And please, don’t assume that everything in jazz is either lite or completely improvisatory – there are countless groups out there treading the middle ground and still creating beautiful music. I highly suggest checking out the Bad Plus (especially if you like Medeski, Martin, & Wood – these guys blow them away), Ravi Coltrane (yes, John’s son), Dave Douglas, Dave Holland, Bill Frisell, Brad Mehldau, William Parker, Matthew Shipp, Sex Mob, Kurt Rosenwinkel, and about a million more.

    I think the problem jam bands face is that their audience is limited to what it is now, basically. There are people who can’t stand “noodling” – whether in jazz or jam bands – and there are those who need more to go on than the groove (like me.) I think part of the jam band scene is the sense of community that goes with it – the shows are like big get-togethers rather than a concert, which is kind of cool if you think about it. It’s unfortunate that drugs are so prevalent in the scene, because I think that turns a lot of people off of it because they just don’t want to be a part of that. A lot of people assume, wrongly, that this is all the jam band scene is about (as they do with the rave scene). Unfortunately, a lot of people who might be into the music are otherwise turned away from it because of this . . .

  • Natalie Davis

    Ditto Tom’s posting. But by and large, I’m with you, Dean: Jambands rule.


  • Frost

    Well, you can’t forget Jam Bands that may not be… well, hippies. Godspeed You! Black Emperor is on the fringe between ambient and jam band. Also, Mogwai would fit into that catagory.

    Then there’s the death metal band Comity that would also be easily catorgized as a jam band.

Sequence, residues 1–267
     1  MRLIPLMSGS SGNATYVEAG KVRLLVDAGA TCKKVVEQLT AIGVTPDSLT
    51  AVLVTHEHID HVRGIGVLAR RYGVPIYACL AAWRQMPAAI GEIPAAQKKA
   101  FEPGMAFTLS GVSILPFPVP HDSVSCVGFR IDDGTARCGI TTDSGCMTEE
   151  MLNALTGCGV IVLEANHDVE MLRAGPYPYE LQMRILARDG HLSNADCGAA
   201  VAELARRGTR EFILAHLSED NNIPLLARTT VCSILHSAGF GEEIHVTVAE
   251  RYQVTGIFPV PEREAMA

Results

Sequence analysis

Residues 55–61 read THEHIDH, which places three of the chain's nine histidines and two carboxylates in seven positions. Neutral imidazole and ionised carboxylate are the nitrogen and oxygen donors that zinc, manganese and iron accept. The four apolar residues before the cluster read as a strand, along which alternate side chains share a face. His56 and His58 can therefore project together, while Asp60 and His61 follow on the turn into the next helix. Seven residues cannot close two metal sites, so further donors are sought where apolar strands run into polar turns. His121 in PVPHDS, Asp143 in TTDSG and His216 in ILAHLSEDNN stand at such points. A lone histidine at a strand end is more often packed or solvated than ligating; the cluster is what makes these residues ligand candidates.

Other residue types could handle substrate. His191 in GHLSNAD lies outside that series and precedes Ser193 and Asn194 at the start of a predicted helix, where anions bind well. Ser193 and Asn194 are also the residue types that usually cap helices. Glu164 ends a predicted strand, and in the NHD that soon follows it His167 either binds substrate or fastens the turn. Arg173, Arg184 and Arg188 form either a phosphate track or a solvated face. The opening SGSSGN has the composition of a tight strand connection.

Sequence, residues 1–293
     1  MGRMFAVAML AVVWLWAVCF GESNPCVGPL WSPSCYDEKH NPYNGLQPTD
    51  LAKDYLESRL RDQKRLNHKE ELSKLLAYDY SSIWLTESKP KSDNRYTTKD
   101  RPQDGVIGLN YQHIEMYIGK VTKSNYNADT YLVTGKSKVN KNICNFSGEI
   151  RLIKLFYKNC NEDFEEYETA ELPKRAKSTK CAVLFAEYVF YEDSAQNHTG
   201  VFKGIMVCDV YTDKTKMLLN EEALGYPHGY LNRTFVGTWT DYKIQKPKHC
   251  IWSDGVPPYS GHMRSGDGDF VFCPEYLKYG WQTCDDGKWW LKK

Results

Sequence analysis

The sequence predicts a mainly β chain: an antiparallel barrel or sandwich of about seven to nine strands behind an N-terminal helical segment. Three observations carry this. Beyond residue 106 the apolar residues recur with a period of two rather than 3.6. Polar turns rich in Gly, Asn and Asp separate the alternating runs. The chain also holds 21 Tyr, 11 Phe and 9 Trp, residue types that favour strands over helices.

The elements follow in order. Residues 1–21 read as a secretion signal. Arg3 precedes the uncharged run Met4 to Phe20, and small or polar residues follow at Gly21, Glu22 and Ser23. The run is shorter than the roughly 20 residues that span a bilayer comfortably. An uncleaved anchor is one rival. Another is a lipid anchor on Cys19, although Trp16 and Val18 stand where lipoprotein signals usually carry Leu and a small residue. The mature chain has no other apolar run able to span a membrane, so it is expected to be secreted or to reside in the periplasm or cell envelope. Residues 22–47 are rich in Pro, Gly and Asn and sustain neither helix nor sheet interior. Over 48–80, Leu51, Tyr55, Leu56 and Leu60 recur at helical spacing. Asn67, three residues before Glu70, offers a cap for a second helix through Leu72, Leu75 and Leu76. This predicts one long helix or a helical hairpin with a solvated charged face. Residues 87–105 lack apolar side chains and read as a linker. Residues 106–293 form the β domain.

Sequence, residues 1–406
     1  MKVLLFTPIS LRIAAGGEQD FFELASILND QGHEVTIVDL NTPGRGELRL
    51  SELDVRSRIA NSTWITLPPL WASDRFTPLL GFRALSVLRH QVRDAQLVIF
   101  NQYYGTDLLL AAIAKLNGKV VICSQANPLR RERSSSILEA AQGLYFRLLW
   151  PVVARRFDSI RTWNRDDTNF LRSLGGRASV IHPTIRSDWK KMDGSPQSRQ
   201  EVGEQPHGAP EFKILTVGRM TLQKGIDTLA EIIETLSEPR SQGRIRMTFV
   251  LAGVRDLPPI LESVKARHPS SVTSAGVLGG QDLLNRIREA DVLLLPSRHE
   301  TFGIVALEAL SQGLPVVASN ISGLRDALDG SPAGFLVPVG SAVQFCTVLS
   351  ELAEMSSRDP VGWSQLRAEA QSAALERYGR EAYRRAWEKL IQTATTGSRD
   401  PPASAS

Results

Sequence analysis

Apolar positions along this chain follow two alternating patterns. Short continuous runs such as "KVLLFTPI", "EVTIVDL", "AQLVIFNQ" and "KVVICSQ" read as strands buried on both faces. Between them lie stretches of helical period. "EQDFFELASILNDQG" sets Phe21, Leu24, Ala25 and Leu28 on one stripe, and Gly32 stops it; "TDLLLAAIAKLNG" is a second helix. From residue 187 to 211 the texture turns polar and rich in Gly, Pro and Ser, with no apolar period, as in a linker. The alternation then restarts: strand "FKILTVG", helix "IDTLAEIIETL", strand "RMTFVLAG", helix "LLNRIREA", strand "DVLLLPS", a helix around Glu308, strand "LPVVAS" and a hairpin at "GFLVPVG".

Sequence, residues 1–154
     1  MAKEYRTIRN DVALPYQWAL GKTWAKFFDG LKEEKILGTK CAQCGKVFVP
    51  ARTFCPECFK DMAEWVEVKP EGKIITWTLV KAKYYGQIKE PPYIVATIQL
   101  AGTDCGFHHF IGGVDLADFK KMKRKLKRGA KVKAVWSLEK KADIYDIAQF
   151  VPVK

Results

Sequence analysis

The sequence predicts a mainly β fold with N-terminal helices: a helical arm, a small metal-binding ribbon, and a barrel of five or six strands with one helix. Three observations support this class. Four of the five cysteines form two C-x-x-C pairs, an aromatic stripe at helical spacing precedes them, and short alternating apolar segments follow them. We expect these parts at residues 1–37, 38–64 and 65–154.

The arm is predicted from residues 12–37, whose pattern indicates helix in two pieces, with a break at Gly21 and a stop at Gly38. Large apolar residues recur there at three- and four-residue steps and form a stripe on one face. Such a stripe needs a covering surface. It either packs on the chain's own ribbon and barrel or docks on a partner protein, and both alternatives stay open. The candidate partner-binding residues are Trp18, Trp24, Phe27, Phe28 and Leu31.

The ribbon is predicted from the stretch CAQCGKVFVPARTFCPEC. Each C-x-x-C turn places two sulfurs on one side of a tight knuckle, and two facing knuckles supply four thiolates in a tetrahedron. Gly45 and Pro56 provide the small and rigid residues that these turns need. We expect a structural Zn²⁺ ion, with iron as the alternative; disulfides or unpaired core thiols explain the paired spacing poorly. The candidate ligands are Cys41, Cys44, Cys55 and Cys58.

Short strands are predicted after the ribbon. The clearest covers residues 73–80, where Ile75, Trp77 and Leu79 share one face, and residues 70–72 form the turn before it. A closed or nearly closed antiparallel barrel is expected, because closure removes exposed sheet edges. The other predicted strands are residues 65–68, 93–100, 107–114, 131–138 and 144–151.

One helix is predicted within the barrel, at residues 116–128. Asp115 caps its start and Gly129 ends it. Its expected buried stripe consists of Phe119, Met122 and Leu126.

• Natalie Davis

    Hey! What’s wrong with hippies? ;-)

    A jamband need not be comprised of hippies to be good. I happen to be a huge GYBE fan. And heaven knows there are some hippie-filled jambands that aren’t very good…

  • Dustin

    And what about Umphrey’s McGee? They do anything for Metallica to Toto. And their originals will blow you back. As far as jambands lacking in their ability or skills, I think you should here Umphrey’s before decide to agree with that statement. These guys don’t lack in any skill.

  • Matt D

    When i first heard Phish i thought they were aweful but then i really listened to them and all i ahev been listen to is jam bands, and if anyone can tell me about any shows in the new england area i would be very grateful

  • shirtguy

    Jamband fans are just a different bread from other concert going music fans I think. Their level of dedication is undisputed. I’d argue that jamband concert goers are also even immune to the old “Don’t wear the shirt of the band your going to see” rule. [Edited]

    So, without airplay, these bands have flourished because of the dedicated fan base who bring all their friends and go to 10 shows a summer not just one.